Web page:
Like the automotive industry’s move to hybrid and all-electric vehicles, the industrial-machine transition requires new designs, software, and materials to be developed and tested. That was Singh’s job when he joined the company’s advanced power-electronics department in 2011 as a senior staff engineer. He worked on high-efficiency electronics systems, including wide-bandgap power-conversion technologies for EV inverters.

Semiconductor devices made with wide-bandgap materials such as silicon carbide (SiC) and gallium nitride (GaN) can operate at much higher voltages, temperatures, and frequencies than traditional silicon devices can. These materials allow components like inverters to be smaller and more energy efficient, Singh says.

“Power electrics and electrification of agricultural equipment can help change our world for the better by reducing the equipment’s greenhouse gas footprint, and providing food and fiber to feed, house, and clothe the world.”

To accelerate Deere’s electrification evolution, from 2015 through 2021, Singh and his group collaborated with researchers from the U.S. Department of Energy’s National Renewable Energy Laboratory to develop a 200-kilowatt, 1,050-volt silicon carbide inverter, which is now used in the 644K and the 944K. The collaboration with NREL led the company to receive funding through a U.S. government program to reduce greenhouse gas emissions.

Singh says his current job of securing government funding and establishing relationships with university groups is necessary in research areas where the company lacks the expertise, time, and resources.

“Government funding helps the company pursue research and innovation significantly sooner,” he says. “Without it, we might have to postpone our efforts another 5 to 10 years. With it, innovation is accelerated in developing and adopting new technologies.”

Singh is still involved in developing new technologies as he continues to explore emerging tech and its application to farming and construction equipment as a John Deere Fellow.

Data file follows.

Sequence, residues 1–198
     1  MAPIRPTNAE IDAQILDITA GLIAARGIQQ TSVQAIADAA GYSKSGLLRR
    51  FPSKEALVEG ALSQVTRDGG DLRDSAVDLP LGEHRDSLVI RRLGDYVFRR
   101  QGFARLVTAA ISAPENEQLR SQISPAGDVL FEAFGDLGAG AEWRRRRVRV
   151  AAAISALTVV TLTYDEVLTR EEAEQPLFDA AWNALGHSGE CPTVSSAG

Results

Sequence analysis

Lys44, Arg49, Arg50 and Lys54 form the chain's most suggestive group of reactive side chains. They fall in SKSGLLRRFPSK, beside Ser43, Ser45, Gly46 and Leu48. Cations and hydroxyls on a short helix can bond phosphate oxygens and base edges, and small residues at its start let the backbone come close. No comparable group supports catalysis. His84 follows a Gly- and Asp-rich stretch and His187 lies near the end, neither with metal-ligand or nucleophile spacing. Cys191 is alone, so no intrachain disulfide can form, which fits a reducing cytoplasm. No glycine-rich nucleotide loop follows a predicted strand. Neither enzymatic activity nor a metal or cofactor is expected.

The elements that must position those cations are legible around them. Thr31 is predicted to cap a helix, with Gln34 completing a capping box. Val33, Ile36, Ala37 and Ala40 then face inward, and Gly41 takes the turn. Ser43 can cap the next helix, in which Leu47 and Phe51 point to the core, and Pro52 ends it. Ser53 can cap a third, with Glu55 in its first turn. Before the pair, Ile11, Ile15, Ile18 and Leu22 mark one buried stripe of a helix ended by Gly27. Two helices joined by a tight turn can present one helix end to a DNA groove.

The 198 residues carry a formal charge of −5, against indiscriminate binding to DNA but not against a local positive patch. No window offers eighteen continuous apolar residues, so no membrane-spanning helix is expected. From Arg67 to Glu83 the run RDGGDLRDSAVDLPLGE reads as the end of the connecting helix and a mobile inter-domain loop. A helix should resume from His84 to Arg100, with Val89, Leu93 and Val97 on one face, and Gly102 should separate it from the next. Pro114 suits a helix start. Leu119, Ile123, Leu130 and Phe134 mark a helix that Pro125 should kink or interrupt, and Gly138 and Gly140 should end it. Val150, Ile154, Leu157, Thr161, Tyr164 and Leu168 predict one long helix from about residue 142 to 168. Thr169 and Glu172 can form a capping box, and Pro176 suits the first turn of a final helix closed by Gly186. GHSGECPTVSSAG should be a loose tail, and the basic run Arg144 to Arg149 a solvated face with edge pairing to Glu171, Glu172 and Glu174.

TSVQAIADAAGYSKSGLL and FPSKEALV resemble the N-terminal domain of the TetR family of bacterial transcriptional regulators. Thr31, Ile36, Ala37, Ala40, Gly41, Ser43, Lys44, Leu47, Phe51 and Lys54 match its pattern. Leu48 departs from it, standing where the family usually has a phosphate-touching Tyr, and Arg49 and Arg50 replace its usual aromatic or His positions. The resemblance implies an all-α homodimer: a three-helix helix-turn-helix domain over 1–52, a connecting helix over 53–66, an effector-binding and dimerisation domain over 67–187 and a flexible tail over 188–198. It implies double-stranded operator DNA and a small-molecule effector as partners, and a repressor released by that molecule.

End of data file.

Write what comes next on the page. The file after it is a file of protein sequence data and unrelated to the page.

Becoming a power electronics expert

Singh was the first in his family to go to college. He earned a bachelor’s degree in electrical engineering in 1989 from Mohan Malaviya Engineering College in Gorakhpur, India. (This institution became the Madan Mohan Malaviya University of Technology in 2013). He went on to earn a master’s degree in engineering in 1991 from the Indian Institute of Technology Roorkee, in Uttarakhand, and a Ph.D. in engineering in 1996 from the Indian Institute of Technology Delhi.

This was followed by postdoc positions working on various aspects of power electronics, including power-quality control, and AC-to-DC and DC-to-DC converters for use in telecommunications products. Singh spent about two years as a postdoc at ETS Montreal and then a year as a research fellow at Concordia University, also in Montreal.

In 2000, he became an assistant professor of electrical engineering and computer science at Tulane University, in New Orleans. There he was involved in R&D projects on power quality control converters and renewable energy systems. He taught courses in power electronics, microelectromechanical systems, and RF engineering.

Advice for future power engineers

There are many career opportunities for engineers who want to work on power electronics, Singh says. That includes working on solar and wind power, electric vehicles, industrial power, and consumer electronics.

If you’re interested in learning about how to convert gasoline-powered vehicles to electric ones, Singh suggests taking at least one course in power systems to understand how EV power systems work. Also consider taking a power-electronics course and learning about power topologies, which are the various ways that power components may be interconnected, he says. To design semiconductor devices that use new materials like SiC and GaN, learn some materials science.

Does Singh get to test-drive the vehicles he’s helping electrify? The answer is yes.

“It’s incredibly rewarding to test-drive a machine that I’ve helped to develop,” he says. “It’s one thing to talk about how it will benefit customers, but it’s a whole other thing to experience the machine the way our construction workers get to. It’s one of the best aspects of my job.”